The Modern Muslim-American Identity Conflict

This past Sunday on December 1, I was honored to be asked to speak at an event hosted by an organization called We Care. We Care is an Islamic based not for profit organization that aims to build a safe space for Muslim youth around the state and to provide them with academic, mental and social resources. The goals were simple, to create a sense of community for free expression in the short term and  the long term, to build a physical institution and a future youth center. It would take time, but the organization was determined. Their target audience was more than just uncles and aunts of the community donating money, rather they looked to mark a different crowd: the future of Muslim-American youth.

As the No. 1 growing religion in the world, Islam has rapidly spread to the United States. The country was no longer dominated by Muslim immigrants, but rather a new wave of first, second and third generation Muslim Americans. Our generation was starkly different in regards to overcoming obstacles. We did not struggle with the English language, attaining green cards or fitting into society.  Instead, we were going through an identity crisis. Our daily lives included the debate of what is the easiest way to pronouncing my very “Muslim” name? What will my teacher say when I request off for Eid? We weren’t exactly foreigners, but we didn’t feel quite at home either.

Being a Muslim-American in the post 9/11 era tests our patience to prove ourselves. Our parents saw America as evil, while America saw Islam as evil. So the question is, where do we come in?

Simple. We establish our identity. Being a Muslim-American in today’s era is no longer a void where we must prove our worth; instead, it is about embracing our identity. We are Muslims, continuing the faith of our parents and grandparents, speaking the native tongue of our families and adapting to the morals we were raised with. At the same time, we are Americans. We are today’s physicians, writers, engineers, artists and professors. We are not a threat. We are a community. One that is proud, diverse and vibrant.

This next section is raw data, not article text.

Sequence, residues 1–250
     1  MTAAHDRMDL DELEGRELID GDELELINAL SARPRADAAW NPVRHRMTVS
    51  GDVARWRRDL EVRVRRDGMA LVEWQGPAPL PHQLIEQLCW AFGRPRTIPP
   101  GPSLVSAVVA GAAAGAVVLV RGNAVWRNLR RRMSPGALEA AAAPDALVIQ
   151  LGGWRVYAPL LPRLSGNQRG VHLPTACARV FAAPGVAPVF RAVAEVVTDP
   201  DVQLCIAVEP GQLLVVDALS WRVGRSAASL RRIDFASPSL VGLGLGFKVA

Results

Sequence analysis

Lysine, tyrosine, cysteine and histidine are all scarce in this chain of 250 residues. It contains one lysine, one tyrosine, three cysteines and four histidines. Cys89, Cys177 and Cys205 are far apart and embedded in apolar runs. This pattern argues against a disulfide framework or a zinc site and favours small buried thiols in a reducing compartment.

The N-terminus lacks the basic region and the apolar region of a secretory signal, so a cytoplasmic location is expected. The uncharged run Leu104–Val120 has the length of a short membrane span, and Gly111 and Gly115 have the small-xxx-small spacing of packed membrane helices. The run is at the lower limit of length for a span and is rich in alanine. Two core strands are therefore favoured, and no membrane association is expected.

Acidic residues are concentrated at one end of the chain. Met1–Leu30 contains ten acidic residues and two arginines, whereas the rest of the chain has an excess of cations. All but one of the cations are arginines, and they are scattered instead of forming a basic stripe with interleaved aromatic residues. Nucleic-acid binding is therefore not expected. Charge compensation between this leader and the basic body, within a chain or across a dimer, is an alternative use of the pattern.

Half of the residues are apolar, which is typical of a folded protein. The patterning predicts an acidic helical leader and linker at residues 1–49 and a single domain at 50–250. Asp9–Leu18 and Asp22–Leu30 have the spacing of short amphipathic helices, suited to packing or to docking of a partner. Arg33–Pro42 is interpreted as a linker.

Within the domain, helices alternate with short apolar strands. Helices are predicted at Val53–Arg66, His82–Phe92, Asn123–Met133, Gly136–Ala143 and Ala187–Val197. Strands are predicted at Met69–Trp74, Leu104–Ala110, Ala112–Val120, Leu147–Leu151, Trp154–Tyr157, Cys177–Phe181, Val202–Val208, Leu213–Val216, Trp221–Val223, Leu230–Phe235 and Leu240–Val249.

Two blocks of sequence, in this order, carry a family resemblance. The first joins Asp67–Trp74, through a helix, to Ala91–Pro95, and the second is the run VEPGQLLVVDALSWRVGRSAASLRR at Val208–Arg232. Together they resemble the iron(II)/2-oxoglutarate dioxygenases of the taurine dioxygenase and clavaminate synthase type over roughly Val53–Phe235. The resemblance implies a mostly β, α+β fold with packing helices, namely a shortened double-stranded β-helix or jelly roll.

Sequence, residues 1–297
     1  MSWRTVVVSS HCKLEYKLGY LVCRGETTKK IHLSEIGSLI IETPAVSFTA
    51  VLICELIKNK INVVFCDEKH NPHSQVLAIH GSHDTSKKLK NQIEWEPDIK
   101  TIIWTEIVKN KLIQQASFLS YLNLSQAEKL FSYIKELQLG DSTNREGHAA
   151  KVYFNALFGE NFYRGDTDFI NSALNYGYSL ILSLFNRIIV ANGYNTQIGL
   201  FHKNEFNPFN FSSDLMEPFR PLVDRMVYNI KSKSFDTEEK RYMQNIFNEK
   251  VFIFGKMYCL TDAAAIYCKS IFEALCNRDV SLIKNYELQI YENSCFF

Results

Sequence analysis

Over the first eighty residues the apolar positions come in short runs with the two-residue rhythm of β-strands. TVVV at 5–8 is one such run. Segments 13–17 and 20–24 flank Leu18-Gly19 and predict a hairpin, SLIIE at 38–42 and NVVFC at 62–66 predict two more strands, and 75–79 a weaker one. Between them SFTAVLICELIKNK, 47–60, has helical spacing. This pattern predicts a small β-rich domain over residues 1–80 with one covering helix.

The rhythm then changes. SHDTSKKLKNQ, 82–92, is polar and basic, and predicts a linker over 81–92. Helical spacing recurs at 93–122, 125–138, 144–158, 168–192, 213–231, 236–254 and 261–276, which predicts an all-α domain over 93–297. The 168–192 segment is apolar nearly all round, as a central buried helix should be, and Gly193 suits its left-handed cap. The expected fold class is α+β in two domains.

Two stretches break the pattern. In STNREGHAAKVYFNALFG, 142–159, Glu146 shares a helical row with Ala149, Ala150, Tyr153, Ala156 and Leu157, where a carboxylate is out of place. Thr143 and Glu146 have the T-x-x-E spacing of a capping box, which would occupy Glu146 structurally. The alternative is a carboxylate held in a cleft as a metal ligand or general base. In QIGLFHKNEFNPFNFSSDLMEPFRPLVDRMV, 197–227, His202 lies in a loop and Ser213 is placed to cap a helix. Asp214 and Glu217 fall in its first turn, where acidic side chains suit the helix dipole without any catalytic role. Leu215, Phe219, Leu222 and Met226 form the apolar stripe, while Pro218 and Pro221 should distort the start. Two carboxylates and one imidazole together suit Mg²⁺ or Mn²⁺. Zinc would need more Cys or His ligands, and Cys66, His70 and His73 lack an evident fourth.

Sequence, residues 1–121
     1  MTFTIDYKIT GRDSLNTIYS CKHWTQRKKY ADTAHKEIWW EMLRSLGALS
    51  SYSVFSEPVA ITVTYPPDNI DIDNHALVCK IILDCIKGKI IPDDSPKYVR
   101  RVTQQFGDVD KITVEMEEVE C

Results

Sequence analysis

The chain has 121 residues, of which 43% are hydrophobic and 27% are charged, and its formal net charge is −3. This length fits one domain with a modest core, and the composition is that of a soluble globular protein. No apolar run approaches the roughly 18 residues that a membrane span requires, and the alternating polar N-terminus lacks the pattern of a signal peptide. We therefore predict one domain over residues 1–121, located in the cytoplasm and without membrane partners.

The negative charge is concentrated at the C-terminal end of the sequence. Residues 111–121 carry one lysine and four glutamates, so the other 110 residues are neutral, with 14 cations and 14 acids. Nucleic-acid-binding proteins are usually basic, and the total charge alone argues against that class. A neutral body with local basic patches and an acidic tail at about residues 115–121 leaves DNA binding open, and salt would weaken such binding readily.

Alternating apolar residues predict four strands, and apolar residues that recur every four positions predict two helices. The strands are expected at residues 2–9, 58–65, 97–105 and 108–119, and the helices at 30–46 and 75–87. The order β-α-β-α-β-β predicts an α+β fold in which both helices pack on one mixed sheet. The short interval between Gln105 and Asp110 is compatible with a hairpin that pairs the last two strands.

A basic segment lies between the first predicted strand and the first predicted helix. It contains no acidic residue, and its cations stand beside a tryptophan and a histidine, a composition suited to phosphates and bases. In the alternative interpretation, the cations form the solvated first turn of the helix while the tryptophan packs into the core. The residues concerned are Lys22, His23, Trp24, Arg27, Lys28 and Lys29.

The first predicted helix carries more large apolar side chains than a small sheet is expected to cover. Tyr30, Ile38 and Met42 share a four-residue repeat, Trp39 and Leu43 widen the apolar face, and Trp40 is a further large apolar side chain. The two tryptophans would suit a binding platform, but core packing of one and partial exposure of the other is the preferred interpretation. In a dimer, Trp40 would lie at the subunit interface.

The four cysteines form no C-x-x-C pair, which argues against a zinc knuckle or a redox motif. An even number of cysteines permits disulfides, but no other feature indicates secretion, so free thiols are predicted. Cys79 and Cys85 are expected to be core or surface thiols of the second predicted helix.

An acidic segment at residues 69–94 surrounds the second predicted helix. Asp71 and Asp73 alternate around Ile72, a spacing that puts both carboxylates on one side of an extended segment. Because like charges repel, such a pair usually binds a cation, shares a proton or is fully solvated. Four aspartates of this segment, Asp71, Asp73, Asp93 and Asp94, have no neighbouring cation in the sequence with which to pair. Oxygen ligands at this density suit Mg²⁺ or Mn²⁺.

The Prophet ﷺ once said,

“Take benefit of five before five: your youth before your old age, your health before your sickness, your wealth before your poverty, your free time before you are preoccupied and your life before your death.'”

As Muslims today, we are encouraged to be great. To succeed in the fields which God blessed us in. This is our time to be confident Muslim-Americans and to embody an identity of Islamic principles and American opportunities. Our parents and great-grandparents came here for a reason, and that reason is us. We are here to stay. To continue to succeed in our careers, establish our families and be acknowledged as valuable part of American society. And may Allah subhana wa ta’ala guide us to the righteous paths blessed with His opportunities and to futures where our identities hold strong and ultimately please Him. Ameen.


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